Buccaneers Defensive Position-by-Position Breakdown and Analysis
But as much as the scheme has changed, so has the roster. The Bucs should have at least three new starters on defense with the potential for more fresh blood to unseat underachieving incumbents.
Tampa Bay does have two of the top young defenders in the league returning in Gerald McCoy and Lavonte David, and free-agent additions like Michael Johnson and Alterraun Verner hope to give Smith and new defensive coordinator Leslie Frazier the weapons they need to combat an NFC South division full of explosive offensive attacks.
Let's take a look at how the depth chart is shaping up on defense for the 2014 Bucs.
Right Defensive End
The Starter: Michael Johnson
Desperate for a jolt to their weak pass rush, the Bucs acted quickly to sign Johnson at the start of free agency, signing the former Bengal to a five-year deal worth close to $43 million.
Johnson's 3.5 sacks in 2013 obviously don't move the needle much, but he proved his ability to get after the passer in 2012 when he posted 11.5 sacks. Johnson also used his massive frame and impressive wingspan to knock down nine passes last season.
The Bucs obviously have sizable expectations for Johnson after handing him such a fat contract. Lining up next to a two-time Pro Bowler in Gerald McCoy should help him return to double-digit sacks in 2014.
Next in Line: Da'Quan Bowers
A former second-round pick who was thought to be a possible steal, Bowers has never returned to his college form, thanks in part to his inability to stay healthy. The Clemson product has made just eight starts over his first three seasons, managing just 5.5 sacks.
A fifth-round pick out of Buffalo in 2013, Steven Means didn't see the field much as a rookie. But he's big, athletic and fits what Lovie Smith wants in his defensive ends. Scott Solomon, in his third year out of Rice, was a seventh-round pick by the Tennessee Titans in 2012, then spent 2013 with the New York Jets before signing with the Bucs.
The Starter: Clinton McDonald
One of multiple signings the Bucs made right out of the gate in free agency, Clinton McDonald signed a four-year deal this offseason worth $12 million.
A seventh-round pick in 2009 by the Cincinnati Bengals, McDonald was traded to the Seattle Seahawks in 2011. McDonald had his best season last year for the Super Bowl champs, posting 5.5 sacks despite being just a rotational player in Seattle's deep defensive front.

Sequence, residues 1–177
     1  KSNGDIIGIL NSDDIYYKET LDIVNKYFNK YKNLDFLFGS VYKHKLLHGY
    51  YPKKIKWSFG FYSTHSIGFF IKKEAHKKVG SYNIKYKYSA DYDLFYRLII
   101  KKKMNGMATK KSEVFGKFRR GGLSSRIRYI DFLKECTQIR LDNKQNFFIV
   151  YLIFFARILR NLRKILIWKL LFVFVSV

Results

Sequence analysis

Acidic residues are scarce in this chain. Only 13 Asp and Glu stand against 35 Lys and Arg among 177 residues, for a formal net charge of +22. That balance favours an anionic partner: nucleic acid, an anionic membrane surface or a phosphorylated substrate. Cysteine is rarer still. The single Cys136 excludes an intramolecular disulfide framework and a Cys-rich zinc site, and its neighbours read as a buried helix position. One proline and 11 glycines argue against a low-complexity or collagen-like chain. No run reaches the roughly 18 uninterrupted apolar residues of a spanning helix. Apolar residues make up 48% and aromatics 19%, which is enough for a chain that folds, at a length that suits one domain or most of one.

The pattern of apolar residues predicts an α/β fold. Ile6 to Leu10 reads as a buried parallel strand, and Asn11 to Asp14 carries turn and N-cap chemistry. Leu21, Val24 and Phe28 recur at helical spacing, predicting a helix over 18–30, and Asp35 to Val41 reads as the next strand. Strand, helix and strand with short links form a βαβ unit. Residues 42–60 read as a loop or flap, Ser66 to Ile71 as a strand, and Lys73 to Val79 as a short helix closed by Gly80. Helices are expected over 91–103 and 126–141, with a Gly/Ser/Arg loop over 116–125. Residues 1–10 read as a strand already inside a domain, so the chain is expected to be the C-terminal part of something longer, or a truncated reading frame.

McDonald's perspective fresh off a Super Bowl title will be a welcome addition to the Bucs locker room. He's already impressing the coaching staff with his leadership qualities, and he should benefit on the field from lining up next to Gerald McCoy.
Next in Line: Akeem Spence
A fourth-round pick out of Illinois in 2013, Spence made 14 starts as a rookie and showed flashes of playmaking ability. The signing of McDonald will push him back into a reserve role, but new defensive line coach Joe Cullen plans to build a deep rotation, which should give Spence plenty of quality snaps.
A January arrest on drug charges wasn't the best way for Spence to endear himself to the new regime, but it appears head coach Lovie Smith is willing to give Spence a second chance.
The Starter: Gerald McCoy
After overcoming multiple injuries early in his career, McCoy has started to tap into his potential over the past two seasons. The former third overall pick from Oklahoma has been voted into the last two Pro Bowls, posting a career-high 9.5 sacks last season.
After missing 13 games over his first two seasons, McCoy has made all 32 starts over the past two years. He slimmed down prior to last season, and it showed, improving his quickness and explosiveness.
McCoy has been vocal regarding how excited he is about Lovie Smith's defensive scheme, and he should thrive in the 3-technique tackle role that was made famous by Buccaneer Hall of Famer Warren Sapp.
Next in Line: Matthew Masifilo
The Stanford product has yet to appear in a game during his two seasons in Tampa Bay but should get plenty of action in 2014 as new defensive line coach Joe Cullen plans to rotate his front four with regularity.
Euclid Cummings signed as an undrafted free agent this offseason and looks to have a decent shot to make the final roster. At 6'4", 275 pounds, his lean frame should keep him at the under tackle spot, and it's possible he could kick outside if needed.
Left Defensive End
The Starter: Adrian Clayborn
The Bucs' first-round pick in 2011, Clayborn is still chasing a breakout season. The Iowa product missed most of the 2012 season with a torn ACL, but despite starting all 16 games in 2011 and 2013, Clayborn has managed just 13 career sacks.
The Bucs aren't expected to pick up Clayborn's fifth-year option, and Lovie Smith has already had some strong words regarding the need for him to step up his game. He'll get first crack at the starting job, but he's got young talent nipping at his heels.
Next in Line: William Gholston
One of two fourth-round picks the Bucs spent on defensive linemen in 2013, Gholston improved slowly over his rookie season and was particularly impressive over the final third of the season.